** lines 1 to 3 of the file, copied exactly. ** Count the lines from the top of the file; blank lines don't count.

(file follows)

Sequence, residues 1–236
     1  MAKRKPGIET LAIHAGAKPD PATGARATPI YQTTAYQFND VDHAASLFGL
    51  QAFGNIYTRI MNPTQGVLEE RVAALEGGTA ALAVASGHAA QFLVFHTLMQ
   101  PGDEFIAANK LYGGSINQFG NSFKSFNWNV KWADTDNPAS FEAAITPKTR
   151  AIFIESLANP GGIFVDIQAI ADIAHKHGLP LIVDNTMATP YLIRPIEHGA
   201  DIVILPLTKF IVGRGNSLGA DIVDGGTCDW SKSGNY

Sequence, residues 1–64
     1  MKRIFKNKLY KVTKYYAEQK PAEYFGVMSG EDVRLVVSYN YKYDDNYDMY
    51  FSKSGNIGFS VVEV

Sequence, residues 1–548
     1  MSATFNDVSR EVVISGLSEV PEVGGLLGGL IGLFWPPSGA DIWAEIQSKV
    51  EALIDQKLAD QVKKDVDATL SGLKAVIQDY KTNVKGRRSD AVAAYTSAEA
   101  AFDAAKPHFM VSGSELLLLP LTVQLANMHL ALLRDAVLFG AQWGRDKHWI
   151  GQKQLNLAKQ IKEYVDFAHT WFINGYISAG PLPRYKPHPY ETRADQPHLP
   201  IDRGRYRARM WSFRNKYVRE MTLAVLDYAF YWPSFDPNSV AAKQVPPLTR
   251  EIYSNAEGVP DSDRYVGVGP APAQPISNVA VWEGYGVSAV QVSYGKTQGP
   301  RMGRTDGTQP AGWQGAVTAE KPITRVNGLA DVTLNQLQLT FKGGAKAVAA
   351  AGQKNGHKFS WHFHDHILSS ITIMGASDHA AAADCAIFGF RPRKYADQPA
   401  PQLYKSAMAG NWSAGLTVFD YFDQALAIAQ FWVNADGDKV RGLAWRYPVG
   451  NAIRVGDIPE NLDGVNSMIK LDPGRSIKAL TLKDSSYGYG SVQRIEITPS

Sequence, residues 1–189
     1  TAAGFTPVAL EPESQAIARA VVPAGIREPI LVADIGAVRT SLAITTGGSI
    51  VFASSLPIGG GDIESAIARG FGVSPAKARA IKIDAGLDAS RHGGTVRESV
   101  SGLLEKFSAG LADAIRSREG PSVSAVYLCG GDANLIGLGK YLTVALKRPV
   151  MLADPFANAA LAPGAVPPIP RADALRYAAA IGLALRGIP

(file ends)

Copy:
Sequence, residues 1–236
     1  MAKRKPGIET LAIHAGAKPD PATGARATPI YQTTAYQFND VDHAASLFGL
    51  QAFGNIYTRI MNPTQGVLEE RVAALEGGTA ALAVASGHAA QFLVFHTLMQ